Did it do your head in? The focus of the game was finding the “bait” that notable “dudes” would follow you through time for. So if your idea of brain-bashing is figuring out that Cleopatra will only get into a phone booth if presented with a major credit card, this one will keep your melon scrambled.

Were there cowboys in it? If the real-life Jesse James had had the Uzi with which the Wild Stallyns lure him to their cause, maybe he wouldn’t have been assassinated by the coward Robert Ford.


Above: Alex Winter has never looked more special, and Alex Winter was in a movie all about circus freaks 

Time Travel Satisfaction Rating:
 


Time Traveler (1991)



Above: Box art for the home version. Note the ridiculous cabinet (not included)

“Time Traveler?” Bravo, Sega, that one must’ve taken you a bit of focus-grouping. The creation of Dragon’s Lair designer Rick Dyer, Time Traveller was a magical relic from a utopian future: tricky optical illusions provided a pseudo-holographic effect that made the game’s sparse smattering of digitised characters and props appear to float ethereally before the player. “It’s like that chess game from Star Wars!” we all gasped, before playing it and discovering that actually it was Dragon’s Lair with worse acting.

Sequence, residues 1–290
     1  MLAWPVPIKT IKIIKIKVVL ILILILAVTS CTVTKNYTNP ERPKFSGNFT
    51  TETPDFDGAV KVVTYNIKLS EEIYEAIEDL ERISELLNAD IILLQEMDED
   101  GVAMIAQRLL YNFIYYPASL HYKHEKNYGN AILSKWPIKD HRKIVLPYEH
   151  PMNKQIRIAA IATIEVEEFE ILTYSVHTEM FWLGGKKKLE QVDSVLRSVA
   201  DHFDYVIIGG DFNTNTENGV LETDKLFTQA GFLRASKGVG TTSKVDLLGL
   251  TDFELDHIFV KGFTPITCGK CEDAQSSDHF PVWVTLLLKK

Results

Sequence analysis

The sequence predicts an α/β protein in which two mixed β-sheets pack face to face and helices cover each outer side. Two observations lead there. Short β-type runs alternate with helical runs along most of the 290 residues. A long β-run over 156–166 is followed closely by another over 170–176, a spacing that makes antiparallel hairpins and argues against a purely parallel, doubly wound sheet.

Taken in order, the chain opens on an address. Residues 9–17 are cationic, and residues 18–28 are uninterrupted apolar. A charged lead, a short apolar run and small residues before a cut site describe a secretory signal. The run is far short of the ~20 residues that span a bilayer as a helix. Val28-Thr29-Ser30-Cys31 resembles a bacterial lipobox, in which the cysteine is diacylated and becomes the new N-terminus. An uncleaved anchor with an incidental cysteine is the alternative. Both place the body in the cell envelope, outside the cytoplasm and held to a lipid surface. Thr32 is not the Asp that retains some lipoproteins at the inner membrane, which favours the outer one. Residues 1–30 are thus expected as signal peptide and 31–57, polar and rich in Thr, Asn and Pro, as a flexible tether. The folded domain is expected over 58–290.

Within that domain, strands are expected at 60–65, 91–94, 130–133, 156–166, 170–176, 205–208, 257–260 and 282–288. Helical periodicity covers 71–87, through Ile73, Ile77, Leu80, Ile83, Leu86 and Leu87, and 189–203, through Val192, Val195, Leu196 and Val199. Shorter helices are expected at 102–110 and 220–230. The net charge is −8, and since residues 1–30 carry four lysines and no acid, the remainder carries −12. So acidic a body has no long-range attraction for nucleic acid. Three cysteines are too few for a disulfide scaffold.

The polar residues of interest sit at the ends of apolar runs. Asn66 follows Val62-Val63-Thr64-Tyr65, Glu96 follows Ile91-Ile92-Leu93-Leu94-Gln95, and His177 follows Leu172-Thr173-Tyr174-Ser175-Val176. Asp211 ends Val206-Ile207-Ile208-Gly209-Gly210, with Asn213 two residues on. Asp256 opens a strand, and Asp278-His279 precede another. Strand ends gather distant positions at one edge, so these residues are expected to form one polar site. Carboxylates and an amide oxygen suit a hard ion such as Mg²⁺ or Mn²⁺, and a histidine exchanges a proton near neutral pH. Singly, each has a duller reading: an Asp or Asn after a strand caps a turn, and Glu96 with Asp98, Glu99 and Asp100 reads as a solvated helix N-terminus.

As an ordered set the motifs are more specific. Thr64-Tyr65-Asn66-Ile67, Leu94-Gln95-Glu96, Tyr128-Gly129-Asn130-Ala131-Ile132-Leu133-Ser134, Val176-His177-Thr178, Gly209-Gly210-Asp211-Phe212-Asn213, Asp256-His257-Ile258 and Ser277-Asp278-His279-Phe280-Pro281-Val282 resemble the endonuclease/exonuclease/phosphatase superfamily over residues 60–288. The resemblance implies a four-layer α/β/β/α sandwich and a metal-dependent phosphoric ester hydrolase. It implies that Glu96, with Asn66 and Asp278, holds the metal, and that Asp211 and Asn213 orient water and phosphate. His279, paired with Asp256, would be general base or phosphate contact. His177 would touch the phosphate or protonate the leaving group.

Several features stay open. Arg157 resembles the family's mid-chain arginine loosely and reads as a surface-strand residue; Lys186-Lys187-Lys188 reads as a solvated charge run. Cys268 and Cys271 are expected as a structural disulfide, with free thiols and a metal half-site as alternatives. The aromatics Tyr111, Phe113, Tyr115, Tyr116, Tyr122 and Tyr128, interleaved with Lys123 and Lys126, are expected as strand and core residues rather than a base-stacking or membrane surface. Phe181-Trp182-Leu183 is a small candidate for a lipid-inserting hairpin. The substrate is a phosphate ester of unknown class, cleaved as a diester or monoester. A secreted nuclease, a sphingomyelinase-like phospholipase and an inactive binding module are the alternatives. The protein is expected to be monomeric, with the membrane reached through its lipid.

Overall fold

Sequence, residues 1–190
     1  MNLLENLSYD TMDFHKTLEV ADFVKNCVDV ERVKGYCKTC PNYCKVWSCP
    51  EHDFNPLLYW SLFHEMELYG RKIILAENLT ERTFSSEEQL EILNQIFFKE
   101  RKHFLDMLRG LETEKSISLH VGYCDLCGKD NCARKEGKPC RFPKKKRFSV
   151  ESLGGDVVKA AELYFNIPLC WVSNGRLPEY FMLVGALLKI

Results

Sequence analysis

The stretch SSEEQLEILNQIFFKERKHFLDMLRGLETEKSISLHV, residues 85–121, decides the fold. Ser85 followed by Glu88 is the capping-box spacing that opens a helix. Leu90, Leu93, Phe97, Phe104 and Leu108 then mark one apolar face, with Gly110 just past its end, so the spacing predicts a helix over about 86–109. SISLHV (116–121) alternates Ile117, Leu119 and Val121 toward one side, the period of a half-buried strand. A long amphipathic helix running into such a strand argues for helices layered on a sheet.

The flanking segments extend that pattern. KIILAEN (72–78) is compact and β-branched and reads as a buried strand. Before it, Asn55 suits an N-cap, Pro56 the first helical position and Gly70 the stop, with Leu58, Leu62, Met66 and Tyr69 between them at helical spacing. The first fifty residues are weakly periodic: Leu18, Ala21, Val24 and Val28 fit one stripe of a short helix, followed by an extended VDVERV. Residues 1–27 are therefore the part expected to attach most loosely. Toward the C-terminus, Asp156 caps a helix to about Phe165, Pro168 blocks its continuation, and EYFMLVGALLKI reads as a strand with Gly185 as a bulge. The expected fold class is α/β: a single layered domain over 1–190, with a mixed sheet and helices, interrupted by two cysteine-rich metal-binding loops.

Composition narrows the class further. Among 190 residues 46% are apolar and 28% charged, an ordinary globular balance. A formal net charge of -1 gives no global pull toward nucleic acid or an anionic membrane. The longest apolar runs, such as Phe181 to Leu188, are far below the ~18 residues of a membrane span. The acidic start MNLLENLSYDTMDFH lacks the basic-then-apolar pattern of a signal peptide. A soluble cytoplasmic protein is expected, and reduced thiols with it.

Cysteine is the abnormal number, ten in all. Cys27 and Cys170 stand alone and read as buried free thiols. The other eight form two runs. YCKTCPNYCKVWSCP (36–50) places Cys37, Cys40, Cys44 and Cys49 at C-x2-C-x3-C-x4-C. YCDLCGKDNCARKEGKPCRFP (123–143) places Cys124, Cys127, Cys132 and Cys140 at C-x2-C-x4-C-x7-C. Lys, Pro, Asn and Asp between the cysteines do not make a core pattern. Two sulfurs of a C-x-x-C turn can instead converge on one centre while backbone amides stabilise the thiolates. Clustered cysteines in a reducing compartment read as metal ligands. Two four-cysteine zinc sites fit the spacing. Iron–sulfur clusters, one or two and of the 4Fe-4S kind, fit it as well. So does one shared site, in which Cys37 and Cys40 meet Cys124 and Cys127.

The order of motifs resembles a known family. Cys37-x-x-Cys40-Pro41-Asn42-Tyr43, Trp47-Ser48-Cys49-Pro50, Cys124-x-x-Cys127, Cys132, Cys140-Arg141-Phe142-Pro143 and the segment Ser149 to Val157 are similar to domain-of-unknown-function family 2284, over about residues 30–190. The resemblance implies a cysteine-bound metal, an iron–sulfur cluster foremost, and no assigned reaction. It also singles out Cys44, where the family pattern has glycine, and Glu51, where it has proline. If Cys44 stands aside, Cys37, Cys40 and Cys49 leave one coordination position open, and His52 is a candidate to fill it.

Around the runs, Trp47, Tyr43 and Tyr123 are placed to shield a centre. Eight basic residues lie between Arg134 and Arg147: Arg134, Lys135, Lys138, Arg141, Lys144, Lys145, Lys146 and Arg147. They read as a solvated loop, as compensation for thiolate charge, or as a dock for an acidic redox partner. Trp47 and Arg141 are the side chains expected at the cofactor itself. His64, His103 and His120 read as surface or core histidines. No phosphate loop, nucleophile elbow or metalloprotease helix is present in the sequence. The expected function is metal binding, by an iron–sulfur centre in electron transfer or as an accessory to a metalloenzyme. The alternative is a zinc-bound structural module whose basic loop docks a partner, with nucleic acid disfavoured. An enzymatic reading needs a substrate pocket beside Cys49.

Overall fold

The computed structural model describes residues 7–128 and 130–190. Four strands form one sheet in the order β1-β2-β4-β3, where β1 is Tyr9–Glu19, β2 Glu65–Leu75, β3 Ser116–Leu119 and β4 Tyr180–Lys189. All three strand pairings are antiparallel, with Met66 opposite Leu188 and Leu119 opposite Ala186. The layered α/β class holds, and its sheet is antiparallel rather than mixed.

Did it do your head in? The villain had a tricksy scheme for manipulating time for his own ends, but this mainly manifested itself in kidnapping a Princess and making the hero rescue her. Consider our heads firmly undone-out.

Were there cowboys in it? The hero was a cowboy! Specifically, a dopey Stetson-wearer named Marshall Gram, who didn’t know much about no fourth-dimensional no-goodery but couldn’t bear to see a fine filly kidnapped by no dastardly varmint.


Above: He pulls a knife, you pull a gun. He sends your guy to the hospital, you send him back to the talent agency 

Time Travel Satisfaction Rating:
 


The Lost Vikings (1992)



Beloved Norse orienteers Eric, Olaf and Baleog proved such cult heroes that they found their way to a cameo in World of Warcraft. The poor fellows, it would appear, are never getting home! Their first adventure, though, saw them traversing a variety of temporally alien climes, solving puzzles and acting all gruff and hirsute.